Dilli’s dalchawal politics: The taste of power

The unabashed one-upmanship indulged by key players has made even the prospect of a joint activity a painful chore.

By Sumita Dasgupta
Published: Thursday 24 June 2021
Delhi's dalchawal politics: The taste of power

It is now a given. Every time a national welfare scheme is unveiled; the entire governance system turns into a massive stage-show with a zillion players claiming credit, demanding a rousing applause.

The announcement instantly transforms our stalwarts — including top bosses in Delhi and state satraps in their domain — into groups of whining children, blaming each other for the untimely demise of many such welfare schemes in the past.

The lament is not for the time lost or the opportunities missed. They are upset because the rival camp took away all the bouquets and trophies.

There is one voice that is missing in this cacophony. It is of the prime beneficiaries of the scheme.

Ladies and gentleman, I present to you the central entity of all of India’s welfare schemes: India’s Poor. They have no interest in the blame games. They are waiting for their share of the ration to be delivered at their doorstep. Just as the chief minister has promised.

So, was their food quota sent home? Well, the service has apparently hit a roadblock. Now, all plans of ushering in happy tidings in the hutments of the poor have come unstuck.

The ruling party at the Centre has declared its decision to lead the show. Politically translated, this is a warning that no sackful of grains must reach the doorstep of the poor before the party in power had made its offering with the usual pomp and ceremony.

The rest of the parties can follow the leader. The truth is, the unabashed one-upmanship indulged by key players has made even the prospect of a joint activity a painful chore.

Surely there must be a less contentious way of dealing with this situation? Yes, indeed there is. If the CM has set his heart on delivering cereals and pulses at the doorstep of the voters in his constituency, let him go ahead with his plan.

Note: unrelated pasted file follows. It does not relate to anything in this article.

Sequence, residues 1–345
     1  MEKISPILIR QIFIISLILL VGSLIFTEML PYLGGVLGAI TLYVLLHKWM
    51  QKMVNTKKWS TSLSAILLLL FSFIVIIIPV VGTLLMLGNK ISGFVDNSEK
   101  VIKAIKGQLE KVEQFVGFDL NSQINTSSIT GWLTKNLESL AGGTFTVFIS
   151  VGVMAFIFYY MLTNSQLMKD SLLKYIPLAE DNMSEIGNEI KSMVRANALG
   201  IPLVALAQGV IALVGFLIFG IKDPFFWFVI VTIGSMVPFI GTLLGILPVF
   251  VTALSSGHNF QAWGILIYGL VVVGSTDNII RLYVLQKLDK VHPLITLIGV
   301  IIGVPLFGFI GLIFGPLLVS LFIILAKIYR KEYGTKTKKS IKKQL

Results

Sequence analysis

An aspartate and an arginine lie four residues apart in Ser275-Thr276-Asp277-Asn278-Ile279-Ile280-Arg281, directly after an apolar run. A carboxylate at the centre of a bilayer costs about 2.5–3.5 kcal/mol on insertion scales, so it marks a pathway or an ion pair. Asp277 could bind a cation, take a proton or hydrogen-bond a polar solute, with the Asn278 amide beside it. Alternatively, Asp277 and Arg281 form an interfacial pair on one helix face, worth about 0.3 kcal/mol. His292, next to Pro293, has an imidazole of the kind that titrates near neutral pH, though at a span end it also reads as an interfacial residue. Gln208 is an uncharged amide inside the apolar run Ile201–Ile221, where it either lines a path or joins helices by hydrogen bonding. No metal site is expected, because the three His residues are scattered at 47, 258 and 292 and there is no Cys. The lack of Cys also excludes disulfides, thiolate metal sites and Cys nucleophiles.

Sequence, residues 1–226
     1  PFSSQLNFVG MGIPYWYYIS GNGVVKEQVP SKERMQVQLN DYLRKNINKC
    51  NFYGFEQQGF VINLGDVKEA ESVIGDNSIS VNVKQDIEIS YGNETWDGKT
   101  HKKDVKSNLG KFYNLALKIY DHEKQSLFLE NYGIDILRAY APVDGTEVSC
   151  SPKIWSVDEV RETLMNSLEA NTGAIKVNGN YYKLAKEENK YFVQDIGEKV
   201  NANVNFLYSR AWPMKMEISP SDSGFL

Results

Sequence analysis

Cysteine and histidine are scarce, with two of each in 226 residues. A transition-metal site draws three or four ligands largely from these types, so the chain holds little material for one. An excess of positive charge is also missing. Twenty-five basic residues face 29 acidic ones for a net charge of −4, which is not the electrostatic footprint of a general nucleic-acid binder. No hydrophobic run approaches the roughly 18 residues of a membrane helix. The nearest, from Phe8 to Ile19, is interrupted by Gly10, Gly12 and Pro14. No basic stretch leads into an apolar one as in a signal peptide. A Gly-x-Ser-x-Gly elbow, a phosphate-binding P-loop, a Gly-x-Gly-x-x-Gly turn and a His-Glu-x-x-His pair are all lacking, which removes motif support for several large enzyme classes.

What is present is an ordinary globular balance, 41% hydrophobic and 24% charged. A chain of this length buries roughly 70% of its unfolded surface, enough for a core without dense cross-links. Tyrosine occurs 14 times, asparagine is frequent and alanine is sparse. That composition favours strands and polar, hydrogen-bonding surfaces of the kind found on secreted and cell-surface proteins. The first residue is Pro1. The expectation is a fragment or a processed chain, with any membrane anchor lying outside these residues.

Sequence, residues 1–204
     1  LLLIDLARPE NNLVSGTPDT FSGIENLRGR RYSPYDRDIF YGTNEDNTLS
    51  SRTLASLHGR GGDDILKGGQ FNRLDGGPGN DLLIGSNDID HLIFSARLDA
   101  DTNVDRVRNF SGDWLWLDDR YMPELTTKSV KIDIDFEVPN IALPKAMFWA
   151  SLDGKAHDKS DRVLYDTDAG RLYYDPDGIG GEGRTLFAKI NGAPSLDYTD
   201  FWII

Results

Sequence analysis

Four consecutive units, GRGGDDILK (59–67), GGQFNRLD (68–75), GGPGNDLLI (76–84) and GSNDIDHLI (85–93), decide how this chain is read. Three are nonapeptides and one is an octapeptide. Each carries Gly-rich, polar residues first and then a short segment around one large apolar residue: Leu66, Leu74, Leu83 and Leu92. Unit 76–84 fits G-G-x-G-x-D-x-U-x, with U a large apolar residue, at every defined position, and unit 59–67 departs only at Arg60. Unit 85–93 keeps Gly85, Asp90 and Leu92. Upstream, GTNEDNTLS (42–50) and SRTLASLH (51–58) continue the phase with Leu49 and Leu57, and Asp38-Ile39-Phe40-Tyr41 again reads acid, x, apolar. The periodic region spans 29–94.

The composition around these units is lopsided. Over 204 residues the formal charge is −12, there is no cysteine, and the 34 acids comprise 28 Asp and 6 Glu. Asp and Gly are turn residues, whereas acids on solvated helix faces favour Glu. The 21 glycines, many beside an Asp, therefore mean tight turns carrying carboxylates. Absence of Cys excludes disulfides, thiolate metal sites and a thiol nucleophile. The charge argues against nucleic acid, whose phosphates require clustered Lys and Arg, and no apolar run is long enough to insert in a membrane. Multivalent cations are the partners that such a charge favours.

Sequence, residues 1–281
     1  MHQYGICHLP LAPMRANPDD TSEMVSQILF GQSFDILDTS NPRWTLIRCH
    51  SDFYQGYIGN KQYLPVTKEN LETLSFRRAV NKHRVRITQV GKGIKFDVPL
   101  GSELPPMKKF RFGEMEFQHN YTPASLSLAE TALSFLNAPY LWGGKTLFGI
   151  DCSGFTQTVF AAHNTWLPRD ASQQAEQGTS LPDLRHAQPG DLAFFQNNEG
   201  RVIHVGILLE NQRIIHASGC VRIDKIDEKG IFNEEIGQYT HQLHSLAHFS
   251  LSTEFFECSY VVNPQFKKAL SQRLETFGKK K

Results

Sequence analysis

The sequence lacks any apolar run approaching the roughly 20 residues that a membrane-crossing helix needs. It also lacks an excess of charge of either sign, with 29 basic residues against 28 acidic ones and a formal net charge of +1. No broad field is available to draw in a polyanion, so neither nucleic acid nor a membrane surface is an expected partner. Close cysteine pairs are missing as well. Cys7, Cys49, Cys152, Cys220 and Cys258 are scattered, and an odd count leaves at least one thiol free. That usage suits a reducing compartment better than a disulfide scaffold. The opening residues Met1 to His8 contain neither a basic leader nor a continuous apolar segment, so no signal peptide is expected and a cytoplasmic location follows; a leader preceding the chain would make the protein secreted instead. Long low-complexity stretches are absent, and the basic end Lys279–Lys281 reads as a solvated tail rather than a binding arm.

The Prime Minister can then use the entire fund available to him for other essentials that are as vital as dalchawal: Medicines and free vaccines; a functional healthcare centre with trained paramedics; allocating funds to ensure a fixed amount is paid to the domestic  staff  when they are under a lockdown and jobless.

The list is endless and the requirement urgent. The PM would have earned many brownie points for thinking out of the box and adding the extras. Unfortunately and, if I may add, typically, he chose the beaten path.

Given the scenario, it would be intriguing to find out the roadmap of these projects as envisaged by their planners, and the kind of time the senior leaders are prepared to invest in this job. It would have to be infinitely more than the occasional televised speeches or hasty press briefings that the honourable ministers account for now.

It will be sacrilegious to assume that these seasoned professionals have to be reminded that in order to make in-depth intervention on behalf of any community, the relationship between the advisor and the recipients of his advices has to be up close and personal.

They are also too savvy and experienced not to know that it is foolish to try to hide behind fudged data, fake figures and doctored evidence here. There is nothing fake about the Indian poverty quotient —  it is brutally and unapologetically real.

Views expressed are the author’s own and don’t necessarily reflect those of Down To Earth.


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